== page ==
gun and to strip the screws that go into the heat sink.

    8. Place
      the greased heat sink back in position and attach the 3 screws that hold
      it to and thru the board---I find starting all three and then tightening
      them by hand works best; don’t forget to put the wire with the grommet
      back to the middle screw.

    9. Replace
      the metal plate that goes across the chips and hold it in place until you
      get the middle screw back in (it has tabs that engage into little
      holes) once you get all three of
      the plate screws back in tighten them
      down firm (they hold the IC’s tight to the heat sink).

    10. With
      the heat sink installed, install the board on the left side back by
      plugging it in and install the metal box over it and the screws front and
      back by hand.

    11. Check
      that you have all the plugs you removed plugged back in.




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    1. Replace
    all the screws that hold the board into the plastic frame.


    2. Install
    the diagonal plastic piece you removed and by hand replace the 4 screws that
    hold it in place.


    3. Take
    a good look now to make sure all the plugs are back in place and installed
    correctly.


    4. Slide
    the entire Chassis back into place.


    5. Before
    you replace the screws that hold the chassis down (usually 2 or three long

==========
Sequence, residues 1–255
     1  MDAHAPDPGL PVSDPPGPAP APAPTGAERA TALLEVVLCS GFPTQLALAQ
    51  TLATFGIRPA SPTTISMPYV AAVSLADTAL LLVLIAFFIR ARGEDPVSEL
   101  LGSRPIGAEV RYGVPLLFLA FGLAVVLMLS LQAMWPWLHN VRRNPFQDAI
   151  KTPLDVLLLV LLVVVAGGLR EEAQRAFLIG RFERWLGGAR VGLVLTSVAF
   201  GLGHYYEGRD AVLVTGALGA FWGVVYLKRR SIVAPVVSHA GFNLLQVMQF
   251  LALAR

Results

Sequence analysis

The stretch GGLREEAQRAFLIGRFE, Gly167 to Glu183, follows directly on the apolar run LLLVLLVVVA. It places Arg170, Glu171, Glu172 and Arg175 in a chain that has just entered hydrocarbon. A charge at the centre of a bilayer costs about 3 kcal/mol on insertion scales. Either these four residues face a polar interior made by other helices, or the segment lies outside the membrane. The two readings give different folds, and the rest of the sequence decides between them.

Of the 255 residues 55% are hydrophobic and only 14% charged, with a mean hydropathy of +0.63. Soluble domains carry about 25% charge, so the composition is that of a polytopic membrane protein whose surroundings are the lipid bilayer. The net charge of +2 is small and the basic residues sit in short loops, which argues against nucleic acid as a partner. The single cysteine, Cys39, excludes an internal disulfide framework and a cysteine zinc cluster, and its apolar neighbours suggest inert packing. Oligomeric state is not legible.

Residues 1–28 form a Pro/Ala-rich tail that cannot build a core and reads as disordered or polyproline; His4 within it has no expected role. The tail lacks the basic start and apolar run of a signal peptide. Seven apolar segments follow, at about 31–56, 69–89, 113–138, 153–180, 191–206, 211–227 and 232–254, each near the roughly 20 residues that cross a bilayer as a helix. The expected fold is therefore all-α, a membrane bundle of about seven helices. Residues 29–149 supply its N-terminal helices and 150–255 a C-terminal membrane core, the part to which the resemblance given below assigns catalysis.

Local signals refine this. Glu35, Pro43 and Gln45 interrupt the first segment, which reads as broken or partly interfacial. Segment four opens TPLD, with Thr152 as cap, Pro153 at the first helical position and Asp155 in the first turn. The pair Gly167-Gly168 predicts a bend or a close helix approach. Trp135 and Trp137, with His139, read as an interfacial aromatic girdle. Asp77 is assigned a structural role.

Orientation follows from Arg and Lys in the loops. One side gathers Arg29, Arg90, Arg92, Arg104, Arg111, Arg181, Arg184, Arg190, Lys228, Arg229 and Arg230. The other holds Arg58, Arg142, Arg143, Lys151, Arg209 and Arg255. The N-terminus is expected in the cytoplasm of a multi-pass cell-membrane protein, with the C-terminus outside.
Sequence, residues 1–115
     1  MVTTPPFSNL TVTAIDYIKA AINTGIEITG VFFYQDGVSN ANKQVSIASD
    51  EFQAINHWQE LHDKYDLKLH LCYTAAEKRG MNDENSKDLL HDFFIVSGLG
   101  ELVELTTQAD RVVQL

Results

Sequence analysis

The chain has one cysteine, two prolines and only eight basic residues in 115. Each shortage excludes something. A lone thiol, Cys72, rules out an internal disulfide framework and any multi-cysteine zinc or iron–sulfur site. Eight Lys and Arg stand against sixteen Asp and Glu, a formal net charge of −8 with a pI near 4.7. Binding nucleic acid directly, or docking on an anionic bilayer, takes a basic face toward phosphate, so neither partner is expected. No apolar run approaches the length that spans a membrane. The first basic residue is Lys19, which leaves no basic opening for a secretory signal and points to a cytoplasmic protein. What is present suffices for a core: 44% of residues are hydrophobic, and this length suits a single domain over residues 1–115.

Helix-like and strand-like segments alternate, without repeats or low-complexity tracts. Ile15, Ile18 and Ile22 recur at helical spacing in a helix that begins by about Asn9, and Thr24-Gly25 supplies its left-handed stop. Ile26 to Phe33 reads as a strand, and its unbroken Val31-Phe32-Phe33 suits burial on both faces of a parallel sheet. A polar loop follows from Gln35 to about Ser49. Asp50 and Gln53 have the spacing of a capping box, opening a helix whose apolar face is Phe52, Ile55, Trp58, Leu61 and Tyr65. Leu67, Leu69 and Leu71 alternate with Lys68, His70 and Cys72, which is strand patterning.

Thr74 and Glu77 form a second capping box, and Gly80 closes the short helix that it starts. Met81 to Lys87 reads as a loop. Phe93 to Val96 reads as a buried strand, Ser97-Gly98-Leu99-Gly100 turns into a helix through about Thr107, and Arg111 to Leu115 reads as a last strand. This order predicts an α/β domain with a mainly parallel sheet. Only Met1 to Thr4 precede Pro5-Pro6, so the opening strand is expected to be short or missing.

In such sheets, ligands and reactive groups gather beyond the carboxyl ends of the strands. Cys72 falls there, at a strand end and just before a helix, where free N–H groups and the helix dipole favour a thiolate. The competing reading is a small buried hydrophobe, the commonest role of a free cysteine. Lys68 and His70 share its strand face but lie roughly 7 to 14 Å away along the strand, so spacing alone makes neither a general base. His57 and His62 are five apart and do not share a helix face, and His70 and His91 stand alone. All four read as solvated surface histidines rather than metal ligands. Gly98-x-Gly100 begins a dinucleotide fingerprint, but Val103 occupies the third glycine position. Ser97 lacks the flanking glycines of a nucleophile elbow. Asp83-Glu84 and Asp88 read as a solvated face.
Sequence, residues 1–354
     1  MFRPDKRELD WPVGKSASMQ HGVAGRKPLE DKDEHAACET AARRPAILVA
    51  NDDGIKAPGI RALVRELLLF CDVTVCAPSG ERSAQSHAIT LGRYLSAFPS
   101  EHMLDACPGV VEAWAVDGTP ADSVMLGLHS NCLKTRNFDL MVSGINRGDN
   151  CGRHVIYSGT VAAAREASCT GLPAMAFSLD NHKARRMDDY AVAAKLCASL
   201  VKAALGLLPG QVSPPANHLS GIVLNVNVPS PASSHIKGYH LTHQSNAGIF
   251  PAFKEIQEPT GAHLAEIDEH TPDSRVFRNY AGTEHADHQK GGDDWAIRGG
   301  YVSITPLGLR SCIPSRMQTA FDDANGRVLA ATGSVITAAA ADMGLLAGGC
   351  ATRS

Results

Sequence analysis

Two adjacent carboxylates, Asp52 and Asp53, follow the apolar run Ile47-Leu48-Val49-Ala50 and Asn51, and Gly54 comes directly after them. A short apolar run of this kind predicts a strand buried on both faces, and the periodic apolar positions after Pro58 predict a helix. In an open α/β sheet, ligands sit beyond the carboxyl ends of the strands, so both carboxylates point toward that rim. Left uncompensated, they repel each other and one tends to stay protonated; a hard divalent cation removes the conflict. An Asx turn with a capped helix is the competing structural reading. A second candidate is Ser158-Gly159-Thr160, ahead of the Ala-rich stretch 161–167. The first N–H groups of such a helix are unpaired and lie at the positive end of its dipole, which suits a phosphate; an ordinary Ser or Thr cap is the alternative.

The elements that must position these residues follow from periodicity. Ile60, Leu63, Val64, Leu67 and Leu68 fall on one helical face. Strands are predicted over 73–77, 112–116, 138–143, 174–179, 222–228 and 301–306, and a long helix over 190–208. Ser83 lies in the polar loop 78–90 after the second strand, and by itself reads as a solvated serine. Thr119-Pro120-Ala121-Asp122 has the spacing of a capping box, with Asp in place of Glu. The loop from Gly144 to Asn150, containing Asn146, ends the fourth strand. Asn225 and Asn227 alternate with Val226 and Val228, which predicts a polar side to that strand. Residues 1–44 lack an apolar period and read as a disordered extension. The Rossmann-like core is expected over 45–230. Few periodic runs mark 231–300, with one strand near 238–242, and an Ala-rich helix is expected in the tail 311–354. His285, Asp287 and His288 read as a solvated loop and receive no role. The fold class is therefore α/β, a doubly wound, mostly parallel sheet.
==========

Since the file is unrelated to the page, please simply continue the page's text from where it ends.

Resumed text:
screws) turn the set on and see what you have----if it comes on and looks
    fairly normal you are ready to proceed.


    6. Replace
    the slide board (diagonal) you removed and wipe the three large lens with a
    lens cloth or clean with a paper towel with glass cleaner sprayed on it---if
    the lens are dusty the picture will be a bit darker and dull looking. Don’t worry about the mirror, it usually is
    ok.


    7. If
    the set has come on and looks ok, replace the long screws that anchor the
    chassis and put the back cover on the set.


    8. At
    this point you have two choices---you can go into the customer menu and select
    CONVERGENCE---there will be detailed instructions on screen for the center and
    fine adjustments---MOST Mitsubishi sets need to have the convergence adjusted
    in the regular and then in the HD mode---go to a HD channel if you have HD
    signal and adjust the convergence there.


    9. There
    is a TECHNICAL mode where you can do this but it requires knowing a number
    sequence by MODEL number---it adjusts just like the customer mode but IT SAVES
    THESE ADJUSTMENTS INTO THE SET’S MEMORY.
    Adjusting in the customer menu may not save the adjustments—if the set
    gets unplugged it will go back to whatever it was before. In the Technical mode you enter by pushing
    MENU and a 4 digit number code for the model you have and then pushing enter,
    you exit by pushing HOME on the remote twice—all this is done with the original
    Mitsubishi remote—you need to have an original working remote for this.


    10. If you were
    careful and lucky all went well and you now have a working set. The two new
    IC’s should be good for 3 to 5 years and many go 8 years.


    11. If you had
    any problems recheck everything you did in the process to make sure you missed
    nothing----take your time and usually it works fine.




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etower.766@netzero.net